Monday, September 21, 2020

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 Abstract

Excerpted From: Elizabeth Hope Fink, Sense and Census Building: Capturing Tribal Realities in the U.S. Census, 62 Washington University Journal of Law & Policy 201 (2020) (131 Footnotes) (Student Comment) (Full Document)

 

ElizabethHopeFinkIn the politically charged space between America's 2018 midterm elections and the 2020 general elections, the upcoming decennial Census looms. A seemingly unassuming bureaucratic process, it has enormous implications for the country's social, economic, and political realities for years to come. Citizens of American Indian and Alaska Native (AI/AN) tribes burst into the national spotlight as key voting populations in several close midterm races and have been mobilizing with unprecedented unity around issues of disenfranchisement, environmental protection, and Missing and Murdered Indigenous Women (MMIW). The 2020 Census comes at a historic moment when the stakes are high for AI/AN communities, but its failure to adequately capture the realities of Indian Country has already begun, even before the first survey response has been recorded. Historically, AI/AN people have been one of the most undercounted groups in the Census: the U.S. Census Bureau estimates that the 2010 Census undercounted at least 4.9% of people living on tribal lands. Each uncounted tribal citizen cost their tribal government up to $3,000 in federal support for services annually and skewed the apportionment of representation in their state.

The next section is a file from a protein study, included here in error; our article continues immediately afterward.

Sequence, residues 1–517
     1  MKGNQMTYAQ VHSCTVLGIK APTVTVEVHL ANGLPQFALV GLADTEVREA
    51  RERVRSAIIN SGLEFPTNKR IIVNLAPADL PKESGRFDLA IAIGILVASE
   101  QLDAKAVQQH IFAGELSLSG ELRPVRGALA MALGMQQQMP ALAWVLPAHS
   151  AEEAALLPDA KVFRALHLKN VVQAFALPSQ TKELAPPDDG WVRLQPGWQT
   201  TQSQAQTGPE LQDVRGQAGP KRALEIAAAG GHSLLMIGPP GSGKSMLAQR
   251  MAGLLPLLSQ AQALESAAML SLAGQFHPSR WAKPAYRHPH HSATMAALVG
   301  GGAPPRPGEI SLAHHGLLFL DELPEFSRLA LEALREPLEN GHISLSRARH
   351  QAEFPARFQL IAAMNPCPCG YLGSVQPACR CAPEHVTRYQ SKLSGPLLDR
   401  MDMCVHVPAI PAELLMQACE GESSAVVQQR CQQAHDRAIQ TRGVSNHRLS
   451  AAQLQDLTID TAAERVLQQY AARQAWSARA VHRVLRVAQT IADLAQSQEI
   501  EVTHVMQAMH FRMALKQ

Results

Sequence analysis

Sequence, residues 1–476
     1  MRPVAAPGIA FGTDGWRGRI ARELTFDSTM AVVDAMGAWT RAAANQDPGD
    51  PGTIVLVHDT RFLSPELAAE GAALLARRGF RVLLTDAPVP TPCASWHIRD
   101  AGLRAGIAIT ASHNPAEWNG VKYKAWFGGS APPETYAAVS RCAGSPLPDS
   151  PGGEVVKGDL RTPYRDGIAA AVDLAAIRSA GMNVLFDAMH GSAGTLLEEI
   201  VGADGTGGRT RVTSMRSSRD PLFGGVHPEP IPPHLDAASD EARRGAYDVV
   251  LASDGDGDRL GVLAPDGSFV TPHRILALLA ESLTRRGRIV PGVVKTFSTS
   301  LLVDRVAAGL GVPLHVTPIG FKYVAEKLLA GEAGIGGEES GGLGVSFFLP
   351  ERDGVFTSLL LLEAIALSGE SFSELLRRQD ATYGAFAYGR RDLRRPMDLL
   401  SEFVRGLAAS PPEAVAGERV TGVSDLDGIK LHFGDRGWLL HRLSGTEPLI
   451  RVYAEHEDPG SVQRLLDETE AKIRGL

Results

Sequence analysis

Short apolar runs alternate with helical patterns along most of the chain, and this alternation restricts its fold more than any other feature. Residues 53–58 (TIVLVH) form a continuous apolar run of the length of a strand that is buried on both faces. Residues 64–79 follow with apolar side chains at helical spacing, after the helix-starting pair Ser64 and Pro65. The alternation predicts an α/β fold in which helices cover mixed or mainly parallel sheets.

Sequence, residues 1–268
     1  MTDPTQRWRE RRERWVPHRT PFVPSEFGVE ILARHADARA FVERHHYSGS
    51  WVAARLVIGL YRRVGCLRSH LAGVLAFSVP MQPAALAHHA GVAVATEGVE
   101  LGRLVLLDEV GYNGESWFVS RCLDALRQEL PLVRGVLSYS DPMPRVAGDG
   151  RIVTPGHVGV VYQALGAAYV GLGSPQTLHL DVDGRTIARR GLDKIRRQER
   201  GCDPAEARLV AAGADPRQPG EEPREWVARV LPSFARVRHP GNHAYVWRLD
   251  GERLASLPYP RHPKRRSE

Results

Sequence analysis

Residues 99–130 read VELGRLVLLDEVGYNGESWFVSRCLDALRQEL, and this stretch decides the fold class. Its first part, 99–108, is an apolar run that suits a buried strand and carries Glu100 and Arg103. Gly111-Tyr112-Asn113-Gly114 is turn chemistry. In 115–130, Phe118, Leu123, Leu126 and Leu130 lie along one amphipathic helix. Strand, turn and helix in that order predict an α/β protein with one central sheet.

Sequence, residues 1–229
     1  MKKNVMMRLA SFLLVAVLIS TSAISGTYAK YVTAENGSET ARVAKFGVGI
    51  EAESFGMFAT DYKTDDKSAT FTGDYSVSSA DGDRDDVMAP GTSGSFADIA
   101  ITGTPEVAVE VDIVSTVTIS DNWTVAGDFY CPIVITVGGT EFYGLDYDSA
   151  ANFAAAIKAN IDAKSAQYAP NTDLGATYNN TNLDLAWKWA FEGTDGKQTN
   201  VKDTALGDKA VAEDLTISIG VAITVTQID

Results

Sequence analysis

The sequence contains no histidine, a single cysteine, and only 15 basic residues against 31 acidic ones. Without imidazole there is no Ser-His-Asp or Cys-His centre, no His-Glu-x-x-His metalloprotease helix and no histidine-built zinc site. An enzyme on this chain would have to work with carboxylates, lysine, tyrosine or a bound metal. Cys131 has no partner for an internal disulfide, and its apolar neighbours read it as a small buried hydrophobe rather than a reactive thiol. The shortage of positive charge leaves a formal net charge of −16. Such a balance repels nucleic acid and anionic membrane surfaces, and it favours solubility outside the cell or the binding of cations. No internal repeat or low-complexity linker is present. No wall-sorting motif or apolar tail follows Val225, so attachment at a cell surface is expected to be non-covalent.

But census problems in Indian Country run deeper than the methodologies used for counting and processing data. The very conceptions of political boundaries and property reflected in the geographic entities used by the U.S. Census Bureau are, in some areas, not only at odds with traditional cultural understandings but also with realities of migration, services, and community affiliation. Because each statistical entity in the complicated system of geographic terms and concepts currently used by the U.S. Census Bureau in Indian Country interacts differently with its respective legal entity, variations arise in who actually gets counted as part of AI/AN Census areas. Statistically created entities used for some tribes without land bases, like the Oklahoma Tribal Statistical Areas, end up including many individuals who are not tribal members. But counts for tribes whose census tracts align with legal reservation lines are limited to tribal members within the reservation. Because allocations of some federal agencies' funding flow proportionally from Census data, the Census can actively deepen the injustices faced by some of the most vulnerable populations of AI/AN people. The 2020 Census, already in the final phases of pre-implementation, uses this complicated system of entities and will not serve the best interests of many tribes. But it can be a catalyst for new innovations in the future.